Learn more about us and our impact
Restorative Justice Louisville (RJL) began in February of 2011 and is the first nonprofit in Kentucky to provide an alternative to our criminal justice system.
The RJL pilot program began in the Louisville Metro Police Department 2nd Division and has expanded to the 1st and 4th Divisions. Modern restorative justice practices widely emerged in the 1980’s, but these practices actually represent ancient ways of implementing justice. To date, there are more than 1,000 restorative justice programs in North America with 30 states in the U.S. having developed restorative justice legislation.
How The Process Works
The restorative justice process is dramatically different from the traditional criminal justice system. The traditional criminal justice system asks what laws have been broken and what punishment is deserved by the offender. Restorative justice asks what harm has been done, who is responsible for repairing that harm, and how can that harm be repaired?
RJL uses the Family Group Conference model, as adapted from The Little Book of Family Group Conferences: New Zealand Style by Allen MacRae and Howard Zehr. The Family Group Conference is a decision-making meeting led by trained facilitators involving a face-to-face meeting for victims (or a victim representative) and offenders along with supporters from both sides.
Participation in restorative justice programs is voluntary for victims, as well as offenders. The offender must be willing to accept responsibility for their actions and the harm caused. The victim and their support group must be willing to meet with the offender and their support group to discuss how the offense impacted them and what needs to be done to repair the harm. This facilitated process is centered on making things right for all parties involved while enabling creative solutions not used within the traditional justice system.
As Kentucky’s corrections budget grows, spending in areas like education are adversely impacted.
Why Restorative Justice Practices
Kentucky spends more than $19,000 per year to house an adult inmate, but only $7,000 to educate a child. And it costs even more to house a juvenile each year, at around $72,000 – making it cheaper to send a kid to college for four years than to juvenile detention for one year. That’s why restorative justice practices are so important to our community. They have been shown to reduce recidivism of offenders and increase victim satisfaction within the judicial process, building a healthy and strong Louisville for years to come.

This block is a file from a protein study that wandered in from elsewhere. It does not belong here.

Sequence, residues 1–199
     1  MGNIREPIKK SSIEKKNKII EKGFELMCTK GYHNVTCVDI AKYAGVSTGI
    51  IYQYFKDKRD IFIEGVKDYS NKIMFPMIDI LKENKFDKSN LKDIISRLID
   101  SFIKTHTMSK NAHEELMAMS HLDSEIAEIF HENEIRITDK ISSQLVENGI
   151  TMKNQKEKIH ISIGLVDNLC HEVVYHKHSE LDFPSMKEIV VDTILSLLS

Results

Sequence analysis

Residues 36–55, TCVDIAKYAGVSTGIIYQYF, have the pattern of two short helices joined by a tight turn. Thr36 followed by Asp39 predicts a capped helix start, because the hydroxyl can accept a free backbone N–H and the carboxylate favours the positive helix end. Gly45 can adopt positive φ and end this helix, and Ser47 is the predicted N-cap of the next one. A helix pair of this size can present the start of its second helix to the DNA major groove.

Proven impact on participants
Several studies of restorative justice programs prove that youth referred to restorative justice programs fared better than those that remained in the traditional court process (prevalence, number of later contacts, seriousness of later behavior, time to first offense). This impact was evident regardless of age at referral, race, gender, urban or rural residence, number of prior official contacts, and the seriousness of current offense.
Benefits To Our Community
- Significant cost savings for every case resolved outside the court system
- Restoration for victims
- Closure and healing for victims and their community
- Promotion and support of positive behavioral change of offenders
- Successful re-integration of the young offenders back into the community
- Prevention of future crime
RJL Case Examples
Jeremy was a good kid dealt a tough hand; growing up without a father in a rough, poor neighborhood. At 17, Jeremy had managed to rise above bad influences until a fateful day in March when 94-year-old Doris left her purse at Jeremy’s table in the restaurant where he worked. Jeremy carried the purse outside to find the woman who had left it behind. Upon stepping outside, his cousin encouraged him to steal the purse. Jeremy made the wrong decision. One could assume that Jeremy would be incarcerated for his crime, but just the opposite occurred. Because of Restorative Justice Louisville (RJL), Jeremy and Doris found reparation and reconciliation together. RJL provides an alternative for kids like Jeremy, by focusing on repairing the harm caused and healing the community. As for Jeremy and Doris, their lives were transformed in a meaningful way.
Jess vandalized a business causing more than $1,500 in damages. Keith Bruner, the owner of the vandalized business, did not ask Jess to pay him for the damages. Instead, Keith requested that Jess get a job and put $50 each month into a savings account until it reaches $1,500. When Jess turns 18, he will then be able to use the money to attend college. If he does not attend college the funds will return to Keith. Another part of their agreement requires that Jess give back to his community. Keith felt it was important for Jess to experience what is possible if he does not begin to think about his future and what he needs to do to have a chance at a good future – also to learn to care about others who have less.